Psychological trauma associated with the World Trade Center attacks and its effect on pregnancy outcome


Dr Stephanie Engel, Department of Community and Preventive Medicine, Mount Sinai School of Medicine. One Gustave L. Levy Place, Box 1043, New York, NY 10029, USA. E-mail:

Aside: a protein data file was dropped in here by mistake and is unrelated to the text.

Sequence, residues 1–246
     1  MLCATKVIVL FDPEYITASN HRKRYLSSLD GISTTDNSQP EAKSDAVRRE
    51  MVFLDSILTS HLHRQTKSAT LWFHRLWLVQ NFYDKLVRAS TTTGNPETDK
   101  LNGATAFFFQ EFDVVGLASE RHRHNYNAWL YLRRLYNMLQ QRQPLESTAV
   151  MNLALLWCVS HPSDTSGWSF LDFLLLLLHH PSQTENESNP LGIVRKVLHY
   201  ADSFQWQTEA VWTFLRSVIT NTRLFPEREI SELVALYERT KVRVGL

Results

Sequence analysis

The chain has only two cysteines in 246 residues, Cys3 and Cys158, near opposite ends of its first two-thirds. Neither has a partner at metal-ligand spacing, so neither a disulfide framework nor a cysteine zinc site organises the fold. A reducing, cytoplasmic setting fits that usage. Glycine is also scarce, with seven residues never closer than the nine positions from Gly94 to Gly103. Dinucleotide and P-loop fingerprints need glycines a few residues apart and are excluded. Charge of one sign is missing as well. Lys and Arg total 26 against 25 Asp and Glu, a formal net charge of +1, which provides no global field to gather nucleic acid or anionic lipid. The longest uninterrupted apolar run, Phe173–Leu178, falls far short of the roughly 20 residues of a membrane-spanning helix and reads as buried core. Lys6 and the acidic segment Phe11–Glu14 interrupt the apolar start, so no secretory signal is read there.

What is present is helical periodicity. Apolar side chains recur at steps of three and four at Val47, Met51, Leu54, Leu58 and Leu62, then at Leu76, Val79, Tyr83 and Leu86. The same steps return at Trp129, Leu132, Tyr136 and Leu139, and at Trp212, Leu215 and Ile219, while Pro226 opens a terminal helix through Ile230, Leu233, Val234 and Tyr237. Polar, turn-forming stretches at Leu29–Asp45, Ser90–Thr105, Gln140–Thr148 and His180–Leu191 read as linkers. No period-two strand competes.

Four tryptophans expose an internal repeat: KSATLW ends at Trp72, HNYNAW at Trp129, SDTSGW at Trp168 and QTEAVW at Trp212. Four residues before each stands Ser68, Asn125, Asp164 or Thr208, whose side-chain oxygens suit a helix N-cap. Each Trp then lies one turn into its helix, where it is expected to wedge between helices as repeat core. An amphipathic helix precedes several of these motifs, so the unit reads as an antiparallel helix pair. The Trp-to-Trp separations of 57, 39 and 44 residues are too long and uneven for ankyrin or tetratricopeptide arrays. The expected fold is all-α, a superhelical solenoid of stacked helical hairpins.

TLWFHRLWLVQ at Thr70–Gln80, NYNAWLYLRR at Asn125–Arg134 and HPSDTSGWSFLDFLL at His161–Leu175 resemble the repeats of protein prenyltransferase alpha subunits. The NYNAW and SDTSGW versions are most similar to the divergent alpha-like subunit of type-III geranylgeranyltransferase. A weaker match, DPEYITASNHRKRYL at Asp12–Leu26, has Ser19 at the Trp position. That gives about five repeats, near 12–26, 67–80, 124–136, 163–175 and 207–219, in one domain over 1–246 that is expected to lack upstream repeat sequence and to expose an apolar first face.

The destruction of the World Trade Center (WTC) on 11 September 2001 was a source of enormous psychological trauma that may have consequences for the health of pregnant women and their fetuses. In this report, we describe the impact of extreme trauma on the birth outcomes of women highly exposed to the WTC. We enrolled 187 women who were pregnant and living or working within close proximity to the WTC on 11 September. Among women with singleton pregnancies, 52 completed at least one psychological assessment prior to delivery. In adjusted multivariable models, both post-traumatic stress symptomatology (PTSS) and moderate depression were associated with longer gestational durations, although only PTSS was associated with decrements in infant head circumference at birth (β = −0.07, SE = 0.03, P = 0.01). The impact of stress resulting from extreme trauma may be different from that which results from ordinary life experiences, particularly with respect to cortisol production. As prenatal PTSS was associated with decrements in head circumference, this may influence subsequent neurocognitive development. Long-term follow-up of infants exposed to extreme trauma in utero is needed to evaluate the persistence of these effects.